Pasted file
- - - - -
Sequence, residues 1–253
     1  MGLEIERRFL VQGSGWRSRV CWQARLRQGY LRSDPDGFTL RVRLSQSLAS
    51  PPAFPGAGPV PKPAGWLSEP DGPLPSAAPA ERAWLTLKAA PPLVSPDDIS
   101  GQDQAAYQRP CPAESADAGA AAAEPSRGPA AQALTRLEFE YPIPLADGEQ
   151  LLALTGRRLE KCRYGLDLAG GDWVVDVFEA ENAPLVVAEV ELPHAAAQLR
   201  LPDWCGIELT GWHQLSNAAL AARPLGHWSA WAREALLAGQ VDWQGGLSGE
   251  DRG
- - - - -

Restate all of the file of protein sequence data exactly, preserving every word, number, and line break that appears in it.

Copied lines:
Sequence, residues 1–253
     1  MGLEIERRFL VQGSGWRSRV CWQARLRQGY LRSDPDGFTL RVRLSQSLAS
    51  PPAFPGAGPV PKPAGWLSEP DGPLPSAAPA ERAWLTLKAA PPLVSPDDIS
   101  GQDQAAYQRP CPAESADAGA AAAEPSRGPA AQALTRLEFE YPIPLADGEQ
   151  LLALTGRRLE KCRYGLDLAG GDWVVDVFEA ENAPLVVAEV ELPHAAAQLR
   201  LPDWCGIELT GWHQLSNAAL AARPLGHWSA WAREALLAGQ VDWQGGLSGE
   251  DRG